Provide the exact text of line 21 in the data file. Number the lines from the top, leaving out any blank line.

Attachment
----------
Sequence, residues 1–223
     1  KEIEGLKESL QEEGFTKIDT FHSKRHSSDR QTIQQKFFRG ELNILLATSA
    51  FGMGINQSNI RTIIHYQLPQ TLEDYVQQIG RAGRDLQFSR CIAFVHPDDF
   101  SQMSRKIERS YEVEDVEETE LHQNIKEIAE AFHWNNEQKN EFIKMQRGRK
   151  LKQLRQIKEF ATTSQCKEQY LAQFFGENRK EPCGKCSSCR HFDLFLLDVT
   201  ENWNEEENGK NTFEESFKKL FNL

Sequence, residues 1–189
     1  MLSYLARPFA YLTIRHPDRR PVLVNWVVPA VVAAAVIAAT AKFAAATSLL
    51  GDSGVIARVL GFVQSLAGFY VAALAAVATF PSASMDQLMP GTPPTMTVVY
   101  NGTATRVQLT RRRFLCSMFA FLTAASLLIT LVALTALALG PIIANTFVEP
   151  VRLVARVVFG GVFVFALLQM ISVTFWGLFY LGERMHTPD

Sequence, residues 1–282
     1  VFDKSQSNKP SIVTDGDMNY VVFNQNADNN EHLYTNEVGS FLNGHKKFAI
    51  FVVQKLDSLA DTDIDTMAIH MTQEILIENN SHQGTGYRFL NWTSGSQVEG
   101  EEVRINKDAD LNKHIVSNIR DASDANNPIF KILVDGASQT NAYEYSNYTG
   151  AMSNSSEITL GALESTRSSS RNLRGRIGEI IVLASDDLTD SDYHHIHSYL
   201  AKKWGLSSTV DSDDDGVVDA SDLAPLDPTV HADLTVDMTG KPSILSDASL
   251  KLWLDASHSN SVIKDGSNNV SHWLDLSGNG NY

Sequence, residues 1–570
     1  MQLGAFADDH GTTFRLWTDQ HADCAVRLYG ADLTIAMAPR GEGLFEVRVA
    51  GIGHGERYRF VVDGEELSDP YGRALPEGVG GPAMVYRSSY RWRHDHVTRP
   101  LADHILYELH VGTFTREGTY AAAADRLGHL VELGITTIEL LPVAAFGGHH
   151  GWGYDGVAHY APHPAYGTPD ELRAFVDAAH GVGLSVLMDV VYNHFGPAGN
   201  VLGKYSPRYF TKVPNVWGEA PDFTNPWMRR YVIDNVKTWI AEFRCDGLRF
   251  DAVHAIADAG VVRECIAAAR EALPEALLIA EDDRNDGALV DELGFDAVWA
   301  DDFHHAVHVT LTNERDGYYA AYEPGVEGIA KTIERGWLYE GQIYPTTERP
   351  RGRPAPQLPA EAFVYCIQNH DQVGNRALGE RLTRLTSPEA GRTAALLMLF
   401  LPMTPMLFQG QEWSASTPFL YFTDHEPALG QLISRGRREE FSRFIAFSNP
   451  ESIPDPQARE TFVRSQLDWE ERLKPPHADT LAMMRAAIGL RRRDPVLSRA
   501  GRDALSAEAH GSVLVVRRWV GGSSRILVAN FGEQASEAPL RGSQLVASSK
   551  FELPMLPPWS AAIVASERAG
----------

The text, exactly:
    51  GIGHGERYRF VVDGEELSDP YGRALPEGVG GPAMVYRSSY RWRHDHVTRP